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Amniotic fluid embolism 7/9/17, 9'01 PM

J Anaesthesiol Clin Pharmacol. 2016 Apr-Jun; 32(2): 153159. PMCID: PMC4874066


doi: 10.4103/0970-9185.173356

Amniotic fluid embolism


Kiranpreet Kaur, Mamta Bhardwaj, Prashant Kumar, Suresh Singhal, Tarandeep Singh, and Sarla Hooda
Department of Anaesthesiology and Critical Care, Pt. B.D. Sharma PGIMS, Rohtak, Haryana, India
Address for correspondence: Dr. Kiranpreet Kaur, 52/9J, Medical Enclave, PGIMS, Rohtak - 124 001, Haryana, India. E-mail:
kiranpreet72@rediffmail.com

Copyright : 2016 Journal of Anaesthesiology Clinical Pharmacology

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Abstract
Amniotic fluid embolism (AFE) is one of the catastrophic complications of pregnancy in which amniotic
fluid, fetal cells, hair, or other debris enters into the maternal pulmonary circulation, causing
cardiovascular collapse. Etiology largely remains unknown, but may occur in healthy women during
labour, during cesarean section, after abnormal vaginal delivery, or during the second trimester of
pregnancy. It may also occur up to 48 hours post-delivery. It can also occur during abortion, after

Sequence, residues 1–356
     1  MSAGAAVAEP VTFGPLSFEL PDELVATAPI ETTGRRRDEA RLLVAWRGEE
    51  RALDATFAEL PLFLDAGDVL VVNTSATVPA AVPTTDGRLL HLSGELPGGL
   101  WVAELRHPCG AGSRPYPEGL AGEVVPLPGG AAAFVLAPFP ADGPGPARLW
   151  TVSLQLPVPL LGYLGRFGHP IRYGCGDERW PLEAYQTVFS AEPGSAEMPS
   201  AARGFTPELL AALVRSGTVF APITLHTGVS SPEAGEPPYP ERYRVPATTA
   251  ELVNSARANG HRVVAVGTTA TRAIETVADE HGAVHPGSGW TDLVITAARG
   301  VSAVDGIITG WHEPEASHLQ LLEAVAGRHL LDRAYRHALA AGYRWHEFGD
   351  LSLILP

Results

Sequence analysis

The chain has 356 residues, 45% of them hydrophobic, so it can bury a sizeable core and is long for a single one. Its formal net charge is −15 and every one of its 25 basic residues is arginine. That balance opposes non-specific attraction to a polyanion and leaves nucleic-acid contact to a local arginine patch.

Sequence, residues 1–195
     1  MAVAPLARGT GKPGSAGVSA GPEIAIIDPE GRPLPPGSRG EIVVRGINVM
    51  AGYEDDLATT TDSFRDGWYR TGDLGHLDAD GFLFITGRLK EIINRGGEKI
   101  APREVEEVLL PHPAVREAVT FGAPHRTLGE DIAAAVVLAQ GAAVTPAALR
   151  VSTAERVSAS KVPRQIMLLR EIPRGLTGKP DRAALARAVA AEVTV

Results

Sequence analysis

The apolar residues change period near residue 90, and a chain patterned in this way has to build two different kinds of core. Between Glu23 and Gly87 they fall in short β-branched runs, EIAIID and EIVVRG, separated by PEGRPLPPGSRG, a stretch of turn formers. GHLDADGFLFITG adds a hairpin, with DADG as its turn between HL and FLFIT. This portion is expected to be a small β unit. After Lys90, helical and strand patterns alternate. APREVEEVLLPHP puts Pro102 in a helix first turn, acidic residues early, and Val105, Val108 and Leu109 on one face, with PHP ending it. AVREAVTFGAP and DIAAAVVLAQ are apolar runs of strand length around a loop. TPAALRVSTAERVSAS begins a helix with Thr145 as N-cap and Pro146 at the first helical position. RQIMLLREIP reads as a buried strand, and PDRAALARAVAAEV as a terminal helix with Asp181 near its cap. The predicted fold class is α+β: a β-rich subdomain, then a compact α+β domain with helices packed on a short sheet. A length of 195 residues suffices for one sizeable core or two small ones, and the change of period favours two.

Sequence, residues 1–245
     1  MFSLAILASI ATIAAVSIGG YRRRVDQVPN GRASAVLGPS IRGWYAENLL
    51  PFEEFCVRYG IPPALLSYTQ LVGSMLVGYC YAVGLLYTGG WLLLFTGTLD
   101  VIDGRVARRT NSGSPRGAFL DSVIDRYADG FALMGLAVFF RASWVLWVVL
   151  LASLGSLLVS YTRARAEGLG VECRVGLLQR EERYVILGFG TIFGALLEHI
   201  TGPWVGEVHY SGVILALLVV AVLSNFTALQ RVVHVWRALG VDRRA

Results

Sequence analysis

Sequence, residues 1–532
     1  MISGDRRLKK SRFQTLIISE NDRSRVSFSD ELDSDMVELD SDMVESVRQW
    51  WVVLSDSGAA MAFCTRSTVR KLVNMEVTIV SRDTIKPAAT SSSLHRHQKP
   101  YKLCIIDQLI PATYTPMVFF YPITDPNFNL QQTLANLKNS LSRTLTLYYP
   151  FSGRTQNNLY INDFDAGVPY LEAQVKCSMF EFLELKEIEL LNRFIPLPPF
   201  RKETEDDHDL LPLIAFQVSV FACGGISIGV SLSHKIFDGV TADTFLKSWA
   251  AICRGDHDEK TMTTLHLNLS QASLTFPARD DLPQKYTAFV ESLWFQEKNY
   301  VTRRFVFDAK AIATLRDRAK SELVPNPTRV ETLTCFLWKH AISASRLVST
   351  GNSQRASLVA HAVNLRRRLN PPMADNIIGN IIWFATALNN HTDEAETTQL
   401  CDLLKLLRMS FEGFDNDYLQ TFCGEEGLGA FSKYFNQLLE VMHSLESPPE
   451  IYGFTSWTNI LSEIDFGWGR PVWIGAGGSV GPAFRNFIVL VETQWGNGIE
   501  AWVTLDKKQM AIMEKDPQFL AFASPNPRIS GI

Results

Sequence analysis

abdominal trauma, and during amnio-infusion. The pathophysiology of AFE is not completely understood.
Possible historical cause is that any breach of the barrier between maternal blood and amniotic fluid forces
the entry of amniotic fluid into the systemic circulation and results in a physical obstruction of the
pulmonary circulation. The presenting signs and symptoms of AFE involve many organ systems. Clinical
signs and symptoms are acute dyspnea, cough, hypotension, cyanosis, fetal bradycardia, encephalopathy,
acute pulmonary hypertension, coagulopathy etc. Besides basic investigations lung scan, serum tryptase
levels, serum levels of C3 and C4 complements, zinc coproporphyrin, serum sialyl Tn etc are helpful in
establishing the diagnosis. Treatment is mainly supportive, but exchange transfusion, extracorporeal